I was also really drawn to this book for the illustrations. They’re this collage of vintage black and white photographs, many of which have been cut up and colored on, paper and that tomato soup colored texture you see in the background of the cover. I think the texture really ties it all together when it might feel a little all over the place. The photos are equal parts sweet and charming and real and, even better, they feature a variety of people- Black, brown, and White. I especially love the collages that incorporate women holding signs at protests/rallies. Signs that read “We need day care centers” and “Unfair to strippers”.

This is the book I want to be reading on Mother’s Day with my girls. And, you know what? It was. And I explained what a stripper was to my older daughter. And I personally felt validated by this book.

So, I know this book is going to be a hard sell in a lot of libraries. I know. Remember I quit my last job over a book about immigration and refugees. Sex workers are something that are even more taboo and stigmatized. That is also exactly why it needs to be on our shelves. Kids need books that celebrate mothers in this way and they need to see that all work mothers do is legitimate and good whether or not their moms dance all night in special shoes or go to the office from 9-5. If you work in a public library you won’t know what all your parents do for a living, so you may very well have sex workers with children in your population. Quite frankly the same is true in many school libraries too. To librarians in private school libraries, this is one of those times that you are going to have to stand up for representation. You can’t be fine with books that glorify settler colonialism, but not be okay with books that show the dignity of working parents regardless of their profession. Plus, how validating for those parents and children to finally see their families in a book.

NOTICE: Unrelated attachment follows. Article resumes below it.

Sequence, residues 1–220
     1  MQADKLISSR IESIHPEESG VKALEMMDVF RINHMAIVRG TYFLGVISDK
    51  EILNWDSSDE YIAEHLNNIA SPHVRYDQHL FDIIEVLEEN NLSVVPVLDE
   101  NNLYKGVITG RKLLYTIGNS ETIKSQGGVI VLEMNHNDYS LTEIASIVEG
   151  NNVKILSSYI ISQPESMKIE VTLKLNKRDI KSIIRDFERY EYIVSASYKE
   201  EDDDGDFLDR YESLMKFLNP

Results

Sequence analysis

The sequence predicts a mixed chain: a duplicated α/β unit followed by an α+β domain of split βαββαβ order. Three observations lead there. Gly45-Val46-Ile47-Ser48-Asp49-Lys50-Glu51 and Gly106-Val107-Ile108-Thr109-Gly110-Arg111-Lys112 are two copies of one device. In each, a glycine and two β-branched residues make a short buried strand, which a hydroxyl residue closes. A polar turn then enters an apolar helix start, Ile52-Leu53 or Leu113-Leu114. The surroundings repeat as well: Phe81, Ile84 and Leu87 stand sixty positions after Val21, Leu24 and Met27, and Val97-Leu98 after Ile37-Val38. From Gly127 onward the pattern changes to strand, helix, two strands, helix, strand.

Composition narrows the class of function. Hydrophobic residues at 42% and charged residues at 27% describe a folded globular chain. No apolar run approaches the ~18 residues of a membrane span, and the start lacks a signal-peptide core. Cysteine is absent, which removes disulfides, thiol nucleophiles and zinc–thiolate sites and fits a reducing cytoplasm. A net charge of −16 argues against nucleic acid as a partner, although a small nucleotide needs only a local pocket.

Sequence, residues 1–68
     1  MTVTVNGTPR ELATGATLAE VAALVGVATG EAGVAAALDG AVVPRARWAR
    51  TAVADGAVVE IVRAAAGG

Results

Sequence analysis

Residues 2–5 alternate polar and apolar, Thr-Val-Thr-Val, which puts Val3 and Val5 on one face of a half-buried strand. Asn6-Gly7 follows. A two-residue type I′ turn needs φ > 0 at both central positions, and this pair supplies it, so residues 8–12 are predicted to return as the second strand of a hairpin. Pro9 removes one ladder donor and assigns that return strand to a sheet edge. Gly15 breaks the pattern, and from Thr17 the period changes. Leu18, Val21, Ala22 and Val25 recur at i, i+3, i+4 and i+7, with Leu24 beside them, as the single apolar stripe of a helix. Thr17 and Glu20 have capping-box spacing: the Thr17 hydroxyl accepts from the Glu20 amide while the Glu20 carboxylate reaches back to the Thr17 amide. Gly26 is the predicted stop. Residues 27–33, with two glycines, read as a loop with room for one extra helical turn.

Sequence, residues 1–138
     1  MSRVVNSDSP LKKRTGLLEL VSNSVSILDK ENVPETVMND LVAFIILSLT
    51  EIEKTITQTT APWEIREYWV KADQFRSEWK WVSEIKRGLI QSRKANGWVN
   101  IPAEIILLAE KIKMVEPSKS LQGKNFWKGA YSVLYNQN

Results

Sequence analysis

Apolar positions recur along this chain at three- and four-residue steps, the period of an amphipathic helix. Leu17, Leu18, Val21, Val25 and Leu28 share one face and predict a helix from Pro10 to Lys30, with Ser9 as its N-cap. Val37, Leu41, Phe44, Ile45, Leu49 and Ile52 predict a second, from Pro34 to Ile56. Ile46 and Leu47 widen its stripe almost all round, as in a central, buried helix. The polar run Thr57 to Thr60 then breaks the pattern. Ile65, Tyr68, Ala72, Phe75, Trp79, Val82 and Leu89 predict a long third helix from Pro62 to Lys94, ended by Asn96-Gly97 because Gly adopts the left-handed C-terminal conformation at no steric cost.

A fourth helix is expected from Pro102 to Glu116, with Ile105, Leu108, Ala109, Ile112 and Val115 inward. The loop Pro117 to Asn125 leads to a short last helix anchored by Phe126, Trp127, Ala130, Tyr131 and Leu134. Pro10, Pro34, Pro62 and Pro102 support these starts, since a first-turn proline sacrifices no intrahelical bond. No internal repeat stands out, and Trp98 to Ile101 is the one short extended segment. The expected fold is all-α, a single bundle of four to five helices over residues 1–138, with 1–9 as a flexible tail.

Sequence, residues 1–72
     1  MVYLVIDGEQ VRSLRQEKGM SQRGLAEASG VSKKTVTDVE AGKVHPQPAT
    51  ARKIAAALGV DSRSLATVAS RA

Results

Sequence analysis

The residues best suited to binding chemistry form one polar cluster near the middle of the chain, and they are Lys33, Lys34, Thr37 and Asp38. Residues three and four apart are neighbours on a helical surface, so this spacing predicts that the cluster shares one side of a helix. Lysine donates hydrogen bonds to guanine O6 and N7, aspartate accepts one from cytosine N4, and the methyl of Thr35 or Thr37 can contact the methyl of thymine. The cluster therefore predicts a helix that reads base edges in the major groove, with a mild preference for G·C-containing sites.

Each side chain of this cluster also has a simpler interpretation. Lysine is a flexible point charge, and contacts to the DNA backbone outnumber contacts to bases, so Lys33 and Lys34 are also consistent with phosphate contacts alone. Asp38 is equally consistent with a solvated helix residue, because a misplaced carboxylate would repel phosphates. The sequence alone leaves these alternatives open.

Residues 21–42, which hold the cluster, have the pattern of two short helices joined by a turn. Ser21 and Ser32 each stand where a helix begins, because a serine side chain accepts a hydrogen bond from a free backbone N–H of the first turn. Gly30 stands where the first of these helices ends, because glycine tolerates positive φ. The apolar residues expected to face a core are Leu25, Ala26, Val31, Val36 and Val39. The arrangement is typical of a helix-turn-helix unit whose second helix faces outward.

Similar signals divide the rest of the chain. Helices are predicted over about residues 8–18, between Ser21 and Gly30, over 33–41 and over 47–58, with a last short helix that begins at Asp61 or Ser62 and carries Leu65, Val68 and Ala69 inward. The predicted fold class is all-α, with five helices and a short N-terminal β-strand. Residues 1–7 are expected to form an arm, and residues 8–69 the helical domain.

*I’m a little torn using the term motherhood because I know not all mothers identify as female or as mothers, but the book has mother in the title, refers to mothers throughout the text, and uses pictures of people who present very female. I’m kind of going along with that…but I also recognize that might be leaving out other folks and I’m not quite sure how to incorporate that experience into a book that so specifically talks about mothers.

Final note: If you do purchase this book, please post a review of it on Amazon. This will help other folks find the book and know that it’s worth purchasing. If you use any other book services like GoodReads or your local library’s online catalog be sure to post a review there too! And if your local library doesn’t have a copy, request that they purchase one.

Nonficiton Review: Newton’s Law Going Through the Motions by Marlene Downing

Newton’s Law: Going Through the Motions written by Marlene Downing, created by Bryheem Charity

From the publisher: All children are unique with different personalities and learning styles. Nadiyah is a student that struggles to understand the lesson in her classroom. Watching other students eagerly raise their hands makes her more frustrated and anxious. Nadiyah continues “going through the motions” until Maximus steps in to guide her on a fun, educational journey. The two of them discover that a hands-on approach is the antidote to Nadiyah’s style of learning. Going Through the Motions highlights the fact that different learning styles require a different approach. Nadiyah learns about Newton’s three laws of motion during her journey into the futuristic world. 

Think Magic School Bus, but for an older crowd. Nadiyah, a middle schooler, is confused in science class. They just learned Newton’s laws of motion and it feels like everyone gets it but her. A pep talk from her mother that evening seems to send Nadiyah off to an exciting dreamland where she meets Maximus, the school role model who is there to help her understand her science lessons.